Historian Delivers New Prediction About Impending Trump Fallout


Despite continued claims to the contrary from the president and his allies, about one in two Americans support impeaching President Donald Trump and removing him from office. Although the GOP majority in the Senate seems poised to insulate Trump from Democrat-led impeachment culminating in him actually getting removed, there’s still a readily available chance for concerned citizens to make their voices heard in the 2020 presidential election. This week on CNN, presidential historian Douglas Brinkley predicted that in the meantime, public support for the president will continue to dramatically hollow out. As he noted, the House hasn’t even formally developed articles of impeachment yet, and they’ve already got major support.

Brinkley noted, in reference to the poll numbers that reveal lower approval ratings for Trump than previously impeachment-facing presidents had:

‘It just tells you what deep trouble Donald Trump is in. I mean, when you have 50 percent of the country wanting you not just impeached but removed from office, and the game hasn’t even gotten fast yet. I think once the vote is taken by Congress to impeach him and he’s wearing the ‘I’ on his chest, you’re going to see that movement grow even more. It tells you he doesn’t have a lot of friends. He’s a base politician. He doesn’t know how to turn this around.’


Trump has largely refused to engage with the substance of the impeachment case that Democrats are building against him and seem likely to take to the full House for a vote sooner than later. Despite many previous claims about supposed lack of due process, he’s even hesitated to decide to send a lawyer to upcoming impeachment proceedings, which Democratic leadership invited a Trump team representative to attend. Separately, he’s repeatedly insisted that he did nothing wrong in demanding that Ukraine investigate the Bidens.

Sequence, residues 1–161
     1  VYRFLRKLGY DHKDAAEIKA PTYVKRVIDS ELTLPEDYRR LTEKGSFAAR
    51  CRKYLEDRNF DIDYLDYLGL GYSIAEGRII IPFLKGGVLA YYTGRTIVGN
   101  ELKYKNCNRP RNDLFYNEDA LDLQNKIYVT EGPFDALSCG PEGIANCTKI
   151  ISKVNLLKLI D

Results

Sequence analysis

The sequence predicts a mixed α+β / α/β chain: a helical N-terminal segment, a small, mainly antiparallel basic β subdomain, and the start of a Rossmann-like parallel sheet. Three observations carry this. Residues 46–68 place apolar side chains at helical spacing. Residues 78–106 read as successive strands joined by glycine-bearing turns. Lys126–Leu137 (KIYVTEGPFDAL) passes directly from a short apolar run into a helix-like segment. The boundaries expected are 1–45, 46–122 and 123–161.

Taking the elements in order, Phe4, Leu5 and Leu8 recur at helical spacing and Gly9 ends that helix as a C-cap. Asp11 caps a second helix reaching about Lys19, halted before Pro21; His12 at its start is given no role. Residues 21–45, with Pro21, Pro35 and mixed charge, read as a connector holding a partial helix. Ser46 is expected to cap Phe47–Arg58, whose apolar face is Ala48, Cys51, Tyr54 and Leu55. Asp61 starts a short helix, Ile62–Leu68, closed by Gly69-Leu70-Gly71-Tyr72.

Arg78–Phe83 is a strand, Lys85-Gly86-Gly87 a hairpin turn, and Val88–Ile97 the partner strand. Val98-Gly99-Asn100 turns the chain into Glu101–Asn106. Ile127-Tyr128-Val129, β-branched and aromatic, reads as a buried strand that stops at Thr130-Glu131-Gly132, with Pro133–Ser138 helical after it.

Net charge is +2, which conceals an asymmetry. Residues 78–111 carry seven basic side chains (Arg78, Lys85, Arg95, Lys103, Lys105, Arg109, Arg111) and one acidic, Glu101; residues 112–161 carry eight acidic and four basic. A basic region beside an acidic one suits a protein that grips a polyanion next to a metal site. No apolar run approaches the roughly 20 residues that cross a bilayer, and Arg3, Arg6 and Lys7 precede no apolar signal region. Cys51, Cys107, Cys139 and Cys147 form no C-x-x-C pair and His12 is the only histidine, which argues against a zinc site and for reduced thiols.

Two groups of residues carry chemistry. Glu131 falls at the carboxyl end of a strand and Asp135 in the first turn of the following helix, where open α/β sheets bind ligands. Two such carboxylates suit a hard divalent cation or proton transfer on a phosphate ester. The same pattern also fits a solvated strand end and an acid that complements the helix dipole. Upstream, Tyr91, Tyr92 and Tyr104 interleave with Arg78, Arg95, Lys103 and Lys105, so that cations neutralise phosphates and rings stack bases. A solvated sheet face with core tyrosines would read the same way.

That corrupt seizure of power has largely defined Trump’s time in office at this point. Over and over, he’s used the power of the presidency to promote his personal interests, whether via pushing his family business or insisting that world leaders capitulate to his wishes or face whatever nonsensical public insult he can dream up for his Twitter feed.

Brinkley noted:

‘I think the Democrats might want to look at the way Jimmy Carter pulled off victory in 1976. He took the high road. He ran on saying, I will never tell a lie to you. He didn’t have to say Nixon’s lies or Lyndon Johnson’s lies, just that I am clean, good governance coming your way if you vote for me.’

At least a couple of leading Democratic presidential candidates have definitely seemed to take this message to heart. Senators Bernie Sanders (Vt.) and Elizabeth Warren (Mass.) have each rolled out plans to tangibly improve the lives of Americans through means like health care. Along with former Vice President Joe Biden, they’re currently the top three contenders for the Democratic presidential nomination. In head-to-head polling, Trump ends up consistently behind each one of them, with months to go before the election.